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Tuesday, July 27, 2004

The Alphabet Game and Languages

I'm thoroughly enjoying the comments from my posting. (You don't have to be related to me to post them!) My sister Marcy is a linguist, and my brother Rick has studied Czech, so they have some interesting things to say about the Czech language.

I learned that a fun, very basic way to acquaint yourself with a language is to drive on its country's roads and play the Alphabet Game. (This was actually my 9-year-old's idea, and not because of the educational value.) I thought it was funny how instantaneously we found the letters "K" and "Z." The two letters that were nearly impossible were "Q" and "W." Steve and I finally found "Q" simultaneously--me on an Antiques store, and him on the ubiquitous ad for "Urquell" beer. Both are foreign words. As for "W," I found that in a name on a German truck just as I was about to give up.


Rick said...

Heh. Heh. "Studied Czech."
True, but humorous in the larger context of things. ;-)

Best thing about the Czech language: Extremely phonetic, so even if you have no clue what you're actually saying, you can quickly learn to "read" Czech and pronounce it correctly and well enough that natives are impressed. Except of course for that nasty letter which requires you to make the sounds of both an "R" and a "ZH" at the same time, and even Czech children can't pronounce until they're five or six years old!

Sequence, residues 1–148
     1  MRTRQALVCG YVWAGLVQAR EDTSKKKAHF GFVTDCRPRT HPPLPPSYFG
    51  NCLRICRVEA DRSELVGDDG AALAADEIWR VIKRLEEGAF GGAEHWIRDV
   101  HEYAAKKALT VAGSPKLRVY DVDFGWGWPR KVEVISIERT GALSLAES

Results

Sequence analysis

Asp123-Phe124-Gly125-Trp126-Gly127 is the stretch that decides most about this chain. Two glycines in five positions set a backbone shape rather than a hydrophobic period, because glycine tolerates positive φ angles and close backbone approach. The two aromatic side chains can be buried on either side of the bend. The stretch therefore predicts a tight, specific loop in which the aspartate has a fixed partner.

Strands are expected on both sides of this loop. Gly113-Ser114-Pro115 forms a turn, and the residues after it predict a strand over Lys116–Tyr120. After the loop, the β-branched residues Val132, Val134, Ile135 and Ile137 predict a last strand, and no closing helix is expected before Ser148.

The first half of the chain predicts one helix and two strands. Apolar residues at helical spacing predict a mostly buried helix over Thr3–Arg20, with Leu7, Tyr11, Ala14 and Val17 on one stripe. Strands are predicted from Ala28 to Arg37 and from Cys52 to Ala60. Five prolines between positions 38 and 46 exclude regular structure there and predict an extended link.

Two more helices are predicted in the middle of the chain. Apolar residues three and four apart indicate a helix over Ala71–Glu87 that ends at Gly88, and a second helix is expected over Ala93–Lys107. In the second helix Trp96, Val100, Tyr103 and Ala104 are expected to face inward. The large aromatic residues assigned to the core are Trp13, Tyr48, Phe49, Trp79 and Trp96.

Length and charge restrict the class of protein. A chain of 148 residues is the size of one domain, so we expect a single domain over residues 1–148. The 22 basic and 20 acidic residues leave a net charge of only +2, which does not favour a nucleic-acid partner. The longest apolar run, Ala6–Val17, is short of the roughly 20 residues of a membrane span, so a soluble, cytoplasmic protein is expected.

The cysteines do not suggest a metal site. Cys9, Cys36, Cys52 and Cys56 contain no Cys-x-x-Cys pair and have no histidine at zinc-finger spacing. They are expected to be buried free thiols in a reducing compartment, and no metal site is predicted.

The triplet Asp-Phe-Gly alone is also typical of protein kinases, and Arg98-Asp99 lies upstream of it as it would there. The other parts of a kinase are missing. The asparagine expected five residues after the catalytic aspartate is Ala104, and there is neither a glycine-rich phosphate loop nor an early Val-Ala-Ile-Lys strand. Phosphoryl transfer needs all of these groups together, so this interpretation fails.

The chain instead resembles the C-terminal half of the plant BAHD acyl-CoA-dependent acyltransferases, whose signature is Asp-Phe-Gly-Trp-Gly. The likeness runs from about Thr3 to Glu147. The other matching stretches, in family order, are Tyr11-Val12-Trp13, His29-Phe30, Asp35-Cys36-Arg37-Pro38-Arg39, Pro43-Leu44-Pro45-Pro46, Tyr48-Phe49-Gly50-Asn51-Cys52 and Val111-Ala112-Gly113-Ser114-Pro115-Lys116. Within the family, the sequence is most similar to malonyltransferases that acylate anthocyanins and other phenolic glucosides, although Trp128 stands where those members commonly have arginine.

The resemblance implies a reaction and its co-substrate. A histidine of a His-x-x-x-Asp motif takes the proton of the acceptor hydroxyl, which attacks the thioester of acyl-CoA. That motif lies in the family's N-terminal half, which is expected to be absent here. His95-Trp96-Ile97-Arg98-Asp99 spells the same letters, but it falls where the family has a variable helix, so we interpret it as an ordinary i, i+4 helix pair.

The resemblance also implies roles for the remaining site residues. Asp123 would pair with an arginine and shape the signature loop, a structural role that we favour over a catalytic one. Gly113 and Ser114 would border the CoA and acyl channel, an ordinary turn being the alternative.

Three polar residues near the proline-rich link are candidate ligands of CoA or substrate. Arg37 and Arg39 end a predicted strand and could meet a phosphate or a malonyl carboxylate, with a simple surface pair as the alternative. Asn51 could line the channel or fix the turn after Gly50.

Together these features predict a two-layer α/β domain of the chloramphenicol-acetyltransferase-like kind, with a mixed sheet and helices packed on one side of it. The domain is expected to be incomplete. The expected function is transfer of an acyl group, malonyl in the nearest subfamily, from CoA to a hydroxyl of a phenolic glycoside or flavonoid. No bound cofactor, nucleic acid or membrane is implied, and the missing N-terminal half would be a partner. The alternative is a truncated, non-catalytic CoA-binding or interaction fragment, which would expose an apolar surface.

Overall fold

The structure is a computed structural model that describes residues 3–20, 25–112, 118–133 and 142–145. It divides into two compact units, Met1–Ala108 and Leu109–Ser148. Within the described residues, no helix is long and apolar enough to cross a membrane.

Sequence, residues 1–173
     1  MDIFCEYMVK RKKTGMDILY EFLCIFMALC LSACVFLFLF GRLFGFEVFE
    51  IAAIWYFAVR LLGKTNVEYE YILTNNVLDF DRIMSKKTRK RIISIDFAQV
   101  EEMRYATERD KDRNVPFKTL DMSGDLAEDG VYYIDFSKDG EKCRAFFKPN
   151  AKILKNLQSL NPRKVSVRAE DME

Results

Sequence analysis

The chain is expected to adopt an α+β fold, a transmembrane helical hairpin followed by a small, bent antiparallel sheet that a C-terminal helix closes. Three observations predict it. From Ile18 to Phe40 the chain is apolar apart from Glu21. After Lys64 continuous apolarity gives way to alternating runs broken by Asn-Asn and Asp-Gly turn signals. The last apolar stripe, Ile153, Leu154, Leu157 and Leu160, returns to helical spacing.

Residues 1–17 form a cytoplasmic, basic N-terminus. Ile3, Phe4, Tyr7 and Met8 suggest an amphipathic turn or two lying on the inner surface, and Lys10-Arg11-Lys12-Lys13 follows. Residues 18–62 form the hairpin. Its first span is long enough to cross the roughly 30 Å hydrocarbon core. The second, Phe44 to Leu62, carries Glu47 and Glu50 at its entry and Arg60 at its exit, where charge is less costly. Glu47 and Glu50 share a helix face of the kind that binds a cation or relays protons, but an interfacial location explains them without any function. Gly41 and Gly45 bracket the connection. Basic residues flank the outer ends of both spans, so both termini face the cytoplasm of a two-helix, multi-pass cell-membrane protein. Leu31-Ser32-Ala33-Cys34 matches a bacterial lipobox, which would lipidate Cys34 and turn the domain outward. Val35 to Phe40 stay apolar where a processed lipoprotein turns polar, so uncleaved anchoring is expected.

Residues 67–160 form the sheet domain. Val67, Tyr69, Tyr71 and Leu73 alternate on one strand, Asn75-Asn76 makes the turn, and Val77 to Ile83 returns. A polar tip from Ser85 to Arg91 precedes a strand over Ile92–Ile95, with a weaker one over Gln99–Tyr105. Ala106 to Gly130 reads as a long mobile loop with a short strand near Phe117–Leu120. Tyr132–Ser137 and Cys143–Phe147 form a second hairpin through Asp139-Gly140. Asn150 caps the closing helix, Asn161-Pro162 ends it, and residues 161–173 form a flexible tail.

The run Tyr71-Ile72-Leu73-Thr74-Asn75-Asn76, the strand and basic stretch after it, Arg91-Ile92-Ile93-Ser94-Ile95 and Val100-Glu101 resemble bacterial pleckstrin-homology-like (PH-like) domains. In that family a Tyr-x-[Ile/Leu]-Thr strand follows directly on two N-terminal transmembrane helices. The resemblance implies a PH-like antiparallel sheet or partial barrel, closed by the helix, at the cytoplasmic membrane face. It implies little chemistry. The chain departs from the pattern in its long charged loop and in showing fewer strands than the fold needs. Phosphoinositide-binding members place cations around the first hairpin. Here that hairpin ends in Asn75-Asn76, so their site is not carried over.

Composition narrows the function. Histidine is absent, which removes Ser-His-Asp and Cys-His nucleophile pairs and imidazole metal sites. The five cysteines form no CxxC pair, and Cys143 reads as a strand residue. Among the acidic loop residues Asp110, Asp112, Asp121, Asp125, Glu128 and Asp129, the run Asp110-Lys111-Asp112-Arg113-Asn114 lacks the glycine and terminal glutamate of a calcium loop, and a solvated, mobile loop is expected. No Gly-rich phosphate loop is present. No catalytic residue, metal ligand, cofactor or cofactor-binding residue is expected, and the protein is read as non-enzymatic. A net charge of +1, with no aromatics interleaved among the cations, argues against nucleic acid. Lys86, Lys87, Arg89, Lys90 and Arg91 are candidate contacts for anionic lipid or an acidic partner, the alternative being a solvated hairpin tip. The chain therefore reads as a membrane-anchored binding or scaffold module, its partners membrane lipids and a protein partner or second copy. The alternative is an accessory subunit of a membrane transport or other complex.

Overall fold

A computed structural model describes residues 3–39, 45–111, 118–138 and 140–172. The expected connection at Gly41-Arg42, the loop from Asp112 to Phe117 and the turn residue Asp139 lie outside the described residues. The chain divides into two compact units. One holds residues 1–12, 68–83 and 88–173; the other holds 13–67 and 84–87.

Worst thing: Nouns have different endings depending on what part of speech they are. As if it isn't bad enough that, like English, verbs have different endings. Nouns are supposed to be "freebies"! :-)

Hmm... would also be interesting to play the Alphabet Game using the country's own alphabet.

Marcy said...

English, like German, used to have different noun endings depending on the part of speech -- you can still see the remains of that in "he," "him," "his," etc. Now that we've gotten rid of those endings our word order is stricter. Maybe someday Czech will lose theirs and buy a couple vowels, who knows? Languages change (except for when they're dead, like Latin).